Facebook: ‘Malicious actors’ used its tools to discover identities and collect data on a massive global scale

Facebook said Wednesday that “malicious actors” took advantage of search tools on its platform, making it possible for them to discover the identities and collect information on most of its 2 billion users worldwide.

The revelation came amid rising acknowledgement by Facebook about its struggles to control the data it gathers on users. Among the announcements Wednesday was that Cambridge Analytica, a political consultancy hired by President Trump and other Republicans, had improperly gathered detailed Facebook information on 87 million people, of whom 71 million were Americans.

But the abuse of Facebook’s search tools — now disabled — happened far more broadly and over the course of several years, with few Facebook users likely escaping the scam, company officials acknowledged.

The scam started when malicious hackers harvested email addresses and phone numbers on the so-called “Dark Web,” where criminals post information stolen from data breaches over the years. Then the hackers used automated computer programs to feed the numbers and addresses into Facebook’s “search” box, allowing them to discover the full names of people affiliated with the phone numbers or addresses, along with whatever Facebook profile information they chose to make public, often including their profile photos and hometown.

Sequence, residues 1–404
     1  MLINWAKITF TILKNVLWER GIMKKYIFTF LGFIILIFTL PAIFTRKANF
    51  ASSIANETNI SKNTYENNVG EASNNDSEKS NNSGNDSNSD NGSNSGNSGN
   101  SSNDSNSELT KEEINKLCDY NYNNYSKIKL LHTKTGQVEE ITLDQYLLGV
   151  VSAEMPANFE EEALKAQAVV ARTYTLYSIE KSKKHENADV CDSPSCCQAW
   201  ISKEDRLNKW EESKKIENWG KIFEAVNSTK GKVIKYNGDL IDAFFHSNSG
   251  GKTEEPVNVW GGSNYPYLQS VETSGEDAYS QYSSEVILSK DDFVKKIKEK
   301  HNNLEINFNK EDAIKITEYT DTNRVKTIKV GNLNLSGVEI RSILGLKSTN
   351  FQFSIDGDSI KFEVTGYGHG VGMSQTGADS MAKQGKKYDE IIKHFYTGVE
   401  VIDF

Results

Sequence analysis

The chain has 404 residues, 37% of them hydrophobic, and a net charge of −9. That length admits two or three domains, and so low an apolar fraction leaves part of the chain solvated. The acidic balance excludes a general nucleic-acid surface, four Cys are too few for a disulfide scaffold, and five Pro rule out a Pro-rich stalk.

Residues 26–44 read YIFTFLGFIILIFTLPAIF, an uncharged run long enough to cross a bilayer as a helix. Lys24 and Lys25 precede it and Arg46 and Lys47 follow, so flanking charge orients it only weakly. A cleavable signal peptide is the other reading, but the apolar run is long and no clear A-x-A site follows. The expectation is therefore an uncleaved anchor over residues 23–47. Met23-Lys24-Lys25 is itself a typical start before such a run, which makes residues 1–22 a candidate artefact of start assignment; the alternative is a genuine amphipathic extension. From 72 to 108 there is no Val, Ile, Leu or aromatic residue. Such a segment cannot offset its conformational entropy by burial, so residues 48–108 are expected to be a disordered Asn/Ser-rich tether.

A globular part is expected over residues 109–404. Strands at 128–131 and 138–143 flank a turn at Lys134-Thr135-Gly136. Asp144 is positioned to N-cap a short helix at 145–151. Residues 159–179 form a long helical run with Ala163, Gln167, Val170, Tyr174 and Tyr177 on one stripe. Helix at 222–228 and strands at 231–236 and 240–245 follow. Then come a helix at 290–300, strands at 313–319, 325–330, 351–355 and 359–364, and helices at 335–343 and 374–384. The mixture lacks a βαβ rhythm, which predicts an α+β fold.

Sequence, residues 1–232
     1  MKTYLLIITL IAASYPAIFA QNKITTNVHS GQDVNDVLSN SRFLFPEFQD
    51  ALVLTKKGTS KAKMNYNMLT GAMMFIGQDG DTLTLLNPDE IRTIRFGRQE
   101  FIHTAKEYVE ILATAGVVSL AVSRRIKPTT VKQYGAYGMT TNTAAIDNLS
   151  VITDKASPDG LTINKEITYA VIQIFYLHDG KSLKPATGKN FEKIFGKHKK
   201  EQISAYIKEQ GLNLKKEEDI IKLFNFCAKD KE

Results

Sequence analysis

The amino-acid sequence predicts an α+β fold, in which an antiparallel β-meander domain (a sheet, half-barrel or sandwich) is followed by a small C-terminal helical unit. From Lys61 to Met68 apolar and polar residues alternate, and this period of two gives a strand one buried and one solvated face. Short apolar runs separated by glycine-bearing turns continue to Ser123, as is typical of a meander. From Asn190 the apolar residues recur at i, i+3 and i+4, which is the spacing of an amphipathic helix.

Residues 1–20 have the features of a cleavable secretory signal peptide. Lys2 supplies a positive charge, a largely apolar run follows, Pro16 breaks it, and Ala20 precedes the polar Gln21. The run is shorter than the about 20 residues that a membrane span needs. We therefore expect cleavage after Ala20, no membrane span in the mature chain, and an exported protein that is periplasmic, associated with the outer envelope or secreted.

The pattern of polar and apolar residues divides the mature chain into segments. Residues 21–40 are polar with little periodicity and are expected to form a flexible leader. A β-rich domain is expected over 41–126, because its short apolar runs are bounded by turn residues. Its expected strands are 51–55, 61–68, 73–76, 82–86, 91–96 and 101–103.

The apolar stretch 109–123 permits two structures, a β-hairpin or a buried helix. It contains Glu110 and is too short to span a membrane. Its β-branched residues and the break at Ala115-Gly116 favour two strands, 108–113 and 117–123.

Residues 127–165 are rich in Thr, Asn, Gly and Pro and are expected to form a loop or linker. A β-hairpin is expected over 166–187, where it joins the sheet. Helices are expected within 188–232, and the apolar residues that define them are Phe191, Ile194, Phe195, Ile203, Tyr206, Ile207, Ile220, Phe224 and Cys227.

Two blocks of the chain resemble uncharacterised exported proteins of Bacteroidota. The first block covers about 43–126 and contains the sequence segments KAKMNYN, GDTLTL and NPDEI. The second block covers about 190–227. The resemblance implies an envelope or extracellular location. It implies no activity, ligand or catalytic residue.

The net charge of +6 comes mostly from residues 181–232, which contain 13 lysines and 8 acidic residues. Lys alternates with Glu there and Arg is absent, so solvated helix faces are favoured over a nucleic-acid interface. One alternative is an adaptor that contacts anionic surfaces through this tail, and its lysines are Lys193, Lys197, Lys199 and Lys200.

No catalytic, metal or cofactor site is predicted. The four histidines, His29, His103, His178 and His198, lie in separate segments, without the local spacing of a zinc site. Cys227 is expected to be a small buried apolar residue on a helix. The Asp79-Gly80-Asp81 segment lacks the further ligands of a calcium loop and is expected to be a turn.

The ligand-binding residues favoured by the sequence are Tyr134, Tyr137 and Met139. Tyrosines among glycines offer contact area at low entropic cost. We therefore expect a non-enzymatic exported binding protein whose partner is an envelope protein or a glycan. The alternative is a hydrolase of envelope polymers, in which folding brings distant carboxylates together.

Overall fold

“We built this feature, and it’s very useful. There were a lot of people using it up until we shut it down today,” Chief Executive Mark Zuckerberg said in a call with reporters Wednesday.

Facebook said in a blog post Wednesday, “Given the scale and sophistication of the activity we’ve seen, we believe most people on Facebook could have had their public profile scraped.”

Facebook users could have blocked this search function, which was turned on by default, by tweaking their settings to restrict finding their identities by using phone numbers or email addresses. But research has consistently shown that users of online platforms rarely adjust default privacy settings and often fail to understand what information they are sharing.

 

 

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